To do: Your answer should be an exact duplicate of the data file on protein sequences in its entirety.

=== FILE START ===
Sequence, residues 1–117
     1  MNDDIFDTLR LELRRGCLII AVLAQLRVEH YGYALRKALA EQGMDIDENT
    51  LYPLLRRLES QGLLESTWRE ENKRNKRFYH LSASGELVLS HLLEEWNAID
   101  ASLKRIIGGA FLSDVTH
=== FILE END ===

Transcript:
Sequence, residues 1–117
     1  MNDDIFDTLR LELRRGCLII AVLAQLRVEH YGYALRKALA EQGMDIDENT
    51  LYPLLRRLES QGLLESTWRE ENKRNKRFYH LSASGELVLS HLLEEWNAID
   101  ASLKRIIGGA FLSDVTH